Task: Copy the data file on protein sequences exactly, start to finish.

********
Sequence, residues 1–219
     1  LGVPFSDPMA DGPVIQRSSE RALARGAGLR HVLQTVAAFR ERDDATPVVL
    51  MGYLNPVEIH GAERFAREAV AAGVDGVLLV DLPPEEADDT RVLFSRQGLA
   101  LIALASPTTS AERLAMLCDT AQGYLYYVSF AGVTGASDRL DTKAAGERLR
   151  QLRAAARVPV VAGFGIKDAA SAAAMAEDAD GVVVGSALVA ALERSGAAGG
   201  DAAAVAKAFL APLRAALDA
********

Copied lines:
Sequence, residues 1–219
     1  LGVPFSDPMA DGPVIQRSSE RALARGAGLR HVLQTVAAFR ERDDATPVVL
    51  MGYLNPVEIH GAERFAREAV AAGVDGVLLV DLPPEEADDT RVLFSRQGLA
   101  LIALASPTTS AERLAMLCDT AQGYLYYVSF AGVTGASDRL DTKAAGERLR
   151  QLRAAARVPV VAGFGIKDAA SAAAMAEDAD GVVVGSALVA ALERSGAAGG
   201  DAAAVAKAFL APLRAALDA